Tag Archives: Barclays Center
Brothers Seth (vocals and guitar) and Scott (vocals, banjo and drums) Avett, and Bob Crawford (bass, violin and vocals) and Joe Kwon (cello, saw and vocals) are known for rowdy, authentic Americana roots, energetic alt-country music, and a healthy dose of bluegrass and folk music. Their eighth studio album, last year’s Magpie and the Dandelion (stream it below), produced by the legendary Rick Rubin, “is chock full of tracks that show the Avett Brothers are (very wisely) growing their sound, while remaining true to their core principles and what listeners like about them to begin with,” said American Songwriter. “It’s clear with this latest effort that the Avett Brothers don’t care much for recent trends and don’t chase after something they think their fans want them to be, but instead is a pure taste of raw musical expression, and the resulting effort is that each track is better than the next.” They hail from North Carolina, but the Avett Brothers (above, performing “Laundry Room” for Live on Letterman ) are coming to Brooklyn to rock Barclays Center tomorrow night. As an added bonus, the like-minded Old Crow Medicine Show kick off the night.
Tags: Avett Brothers, Barclays Center, Bob Crawford, Joe Kwan, Magpie and the Dandelion, Old Crow Medicine Show, Preview, Rick Rubin, Scott Avett, Seth Avett, Video
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My Top Five Favorite Shows
1. The Postal Service, Barclay Center, June 14
My decade-belated live date with the Postal Service finally culminated at Barclays Center, where rabid fans, like myself, roared as Ben Gibbard and Jimmy Tamborello hit the stage. As if acting out lyrics from “Nothing Better,” Gibbard and Jenny Lewis shimmied close for the duet. Old friends reunited onstage never felt so good.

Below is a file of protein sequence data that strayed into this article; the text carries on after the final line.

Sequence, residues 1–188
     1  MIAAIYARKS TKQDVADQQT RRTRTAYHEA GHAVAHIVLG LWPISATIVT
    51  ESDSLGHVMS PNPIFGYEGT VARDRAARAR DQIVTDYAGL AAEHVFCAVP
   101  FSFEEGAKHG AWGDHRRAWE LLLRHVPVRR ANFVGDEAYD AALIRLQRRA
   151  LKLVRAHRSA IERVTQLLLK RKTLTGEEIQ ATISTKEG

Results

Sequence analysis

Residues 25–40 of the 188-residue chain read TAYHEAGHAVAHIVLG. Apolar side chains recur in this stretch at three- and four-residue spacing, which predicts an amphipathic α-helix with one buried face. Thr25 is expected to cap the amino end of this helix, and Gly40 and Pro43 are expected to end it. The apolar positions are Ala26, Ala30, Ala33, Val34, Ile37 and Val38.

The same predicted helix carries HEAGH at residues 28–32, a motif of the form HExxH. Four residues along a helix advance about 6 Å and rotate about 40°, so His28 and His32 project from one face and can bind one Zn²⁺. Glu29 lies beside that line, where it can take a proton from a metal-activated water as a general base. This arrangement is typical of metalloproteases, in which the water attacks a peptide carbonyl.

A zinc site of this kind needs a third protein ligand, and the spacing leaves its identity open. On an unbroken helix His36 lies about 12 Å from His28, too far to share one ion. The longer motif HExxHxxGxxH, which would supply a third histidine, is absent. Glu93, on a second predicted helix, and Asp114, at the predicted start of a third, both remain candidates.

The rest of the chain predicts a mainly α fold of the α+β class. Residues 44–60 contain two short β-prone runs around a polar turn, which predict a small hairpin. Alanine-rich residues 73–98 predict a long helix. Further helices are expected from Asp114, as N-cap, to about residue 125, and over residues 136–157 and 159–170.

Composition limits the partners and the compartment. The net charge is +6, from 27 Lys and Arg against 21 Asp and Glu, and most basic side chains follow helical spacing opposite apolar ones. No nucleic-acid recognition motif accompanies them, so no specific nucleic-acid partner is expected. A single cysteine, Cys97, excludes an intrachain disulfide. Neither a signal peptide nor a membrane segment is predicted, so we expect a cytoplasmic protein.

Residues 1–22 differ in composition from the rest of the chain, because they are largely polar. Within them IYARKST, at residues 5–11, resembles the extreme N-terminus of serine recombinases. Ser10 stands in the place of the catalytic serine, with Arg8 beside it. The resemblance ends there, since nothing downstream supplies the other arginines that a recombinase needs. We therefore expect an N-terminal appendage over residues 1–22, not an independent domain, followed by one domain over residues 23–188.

2. Haim, Webster Hall, September 3
I was late to this bandwagon, as fellow House List contributor Alex Kapelman shortlisted Haim last year for his Top Five Bowery Presents Shows of the Year. I knew I was in for a good one when I could barely find a spot in the rafters to catch the three sisters, who charmed with their onstage banter and wicked musicianship
3. Jessie Ware, The Bowery Ballroom, January 17
Straight off her Jimmy Fallon taping backed by the Roots, the British songstress elated the crowd with her effortless, down-to-earth stage demeanor. Her star quickly rose with American audiences, as she sold out shows at Webster Hall, Music Hall of Williamsburg and Irving Plaza throughout the year. I was glad to have caught her earlier in the more intimate venue.
4. Basia Bulat, Bowery Ballroom, November 23
I’ve been a fan of Basia Bulat since I heard her cover Sam Cooke’s “Touch the Hem of His Garment.” This show on a cold night wasn’t sold out, which made me a little sad since she’s quite the talent. But those who were there were enraptured by her prowess on autoharp to the point that you could hear a pin drop during her solos.